During the American Civil War, one specific facility was in great demand – that being hospitals. With so many wounded or suffering from diseases on both sides and especially the Confederacy side with thousands wounded since most battles were in the South. In Richmond, Virginia, the capital city of the Confederacy, the house of Judge John Roberts located on Main Street was put into operation as a hospital from July 1861 to June 1865. It was was a private hospital run by Sally Louisa Tompkins. With larger military hospitals later being created, to keep the hospital on Main Street in operation, Sally Tompkins was commissioned a captain in the Confederate Army in September 1861. The facility became known as the Robertson Hospital.
What makes this hospital so important is the handwritten register kept throughout the war of patients in the Robertson Hospital. The first patient’s name was recorded August 3, 1861 and the last on April 2, 1865. Over those years were were 1,329 entries made. Each entry has the person’s name, case number, rank, company, regiment, captain’s name for that regiment, patient’s residence, date admitted, their disease or medical condition and date discharged or furloughed, returned to duty, transferred, died and any additional information in a “Remarks” column.
Those records have been transcribed and made digital so they are searchable and Free. This has been done by the Virginia Commonwealth University Libraries in connection with the Museum of the Confederacy. Using the search and the browse page there are all 1,329 entries in alphabetical order. To help in the search, you can the search box to the upper left to help narrow down the looking for an ancestor. Again, it would be someone admitted who served in the Confederacy between 1861 and 1865. They could have been suffering form a disease while in another state and then transported to Richmond.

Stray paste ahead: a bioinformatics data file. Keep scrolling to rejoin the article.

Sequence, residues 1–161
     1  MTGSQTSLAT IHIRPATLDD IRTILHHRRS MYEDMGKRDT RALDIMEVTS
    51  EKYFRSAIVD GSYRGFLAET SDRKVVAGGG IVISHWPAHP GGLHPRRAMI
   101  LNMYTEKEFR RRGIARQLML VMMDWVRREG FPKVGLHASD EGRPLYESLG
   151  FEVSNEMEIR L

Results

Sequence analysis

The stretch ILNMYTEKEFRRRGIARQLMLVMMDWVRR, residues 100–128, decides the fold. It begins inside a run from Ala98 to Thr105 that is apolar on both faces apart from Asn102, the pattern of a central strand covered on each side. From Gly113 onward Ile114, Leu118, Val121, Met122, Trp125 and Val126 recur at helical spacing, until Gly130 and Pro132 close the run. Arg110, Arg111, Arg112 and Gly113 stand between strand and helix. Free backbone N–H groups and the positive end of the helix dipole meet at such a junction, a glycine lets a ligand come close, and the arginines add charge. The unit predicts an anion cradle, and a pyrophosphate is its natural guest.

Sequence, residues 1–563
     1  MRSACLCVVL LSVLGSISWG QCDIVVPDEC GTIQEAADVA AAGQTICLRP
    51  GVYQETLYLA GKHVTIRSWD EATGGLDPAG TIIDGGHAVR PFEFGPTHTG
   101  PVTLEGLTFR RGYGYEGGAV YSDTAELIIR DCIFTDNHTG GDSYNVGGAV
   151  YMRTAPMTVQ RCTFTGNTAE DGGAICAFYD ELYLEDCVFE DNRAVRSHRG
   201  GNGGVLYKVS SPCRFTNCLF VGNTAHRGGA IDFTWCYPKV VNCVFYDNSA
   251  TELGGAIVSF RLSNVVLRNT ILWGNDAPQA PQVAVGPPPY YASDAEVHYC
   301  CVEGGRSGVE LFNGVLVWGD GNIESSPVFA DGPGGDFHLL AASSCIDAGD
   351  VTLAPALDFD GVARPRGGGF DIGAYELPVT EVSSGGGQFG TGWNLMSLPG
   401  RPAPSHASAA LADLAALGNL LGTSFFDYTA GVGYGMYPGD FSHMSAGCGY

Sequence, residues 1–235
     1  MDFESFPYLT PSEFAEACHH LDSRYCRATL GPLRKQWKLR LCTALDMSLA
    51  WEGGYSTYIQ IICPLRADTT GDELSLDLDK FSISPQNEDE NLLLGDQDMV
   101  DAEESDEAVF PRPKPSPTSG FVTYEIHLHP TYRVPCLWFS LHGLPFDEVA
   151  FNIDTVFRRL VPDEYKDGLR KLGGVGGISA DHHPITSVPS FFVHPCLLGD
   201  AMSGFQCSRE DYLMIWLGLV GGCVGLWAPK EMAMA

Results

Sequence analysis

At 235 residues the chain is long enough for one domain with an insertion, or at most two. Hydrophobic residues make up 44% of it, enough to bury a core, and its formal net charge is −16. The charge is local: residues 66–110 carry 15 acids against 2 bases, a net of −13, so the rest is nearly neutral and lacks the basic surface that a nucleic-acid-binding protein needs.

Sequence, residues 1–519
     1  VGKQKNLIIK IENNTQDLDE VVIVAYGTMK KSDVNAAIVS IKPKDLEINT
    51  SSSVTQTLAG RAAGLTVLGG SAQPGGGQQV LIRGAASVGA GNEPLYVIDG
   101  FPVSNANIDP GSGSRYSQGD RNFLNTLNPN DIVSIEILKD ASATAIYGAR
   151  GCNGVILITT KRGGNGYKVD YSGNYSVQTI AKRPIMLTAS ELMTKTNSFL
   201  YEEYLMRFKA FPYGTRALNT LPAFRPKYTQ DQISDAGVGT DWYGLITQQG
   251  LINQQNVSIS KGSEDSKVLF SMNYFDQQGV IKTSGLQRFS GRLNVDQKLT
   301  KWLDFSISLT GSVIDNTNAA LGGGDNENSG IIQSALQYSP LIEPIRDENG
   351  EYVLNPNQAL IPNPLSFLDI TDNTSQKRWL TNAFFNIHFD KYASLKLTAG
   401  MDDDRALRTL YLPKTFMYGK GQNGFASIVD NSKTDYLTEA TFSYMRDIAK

If you find one of interest, click on the name to see the transcribed report. Check various spellings for the name. There is no scan of the original handwritten registry. However, if you do find an ancestor, this record could really provide some missing information about that ancestor’s fate.
For Pvt. Thomas D. Loudenslager there was more to locate on the Fold3 site with scanned copies of his papers including his time at the Richardson Hospital. When he was discharged June 3, 1864, he was captured in Richmond on April 3, 1865 by Federal forces.
Photos: Alfred Adams – 1862 and Thomas D. Loudensjager (correct spelling was Loudenslager and Loudenslayer and Goudenslager) – wounded May 30, 1864 in the Battle of the Second Cold Harbor, Va. Loudenslager was born Dec. 21, 1842 and died Feb. 4, 1897 in Baltimore where he had worked as a clerk for years.
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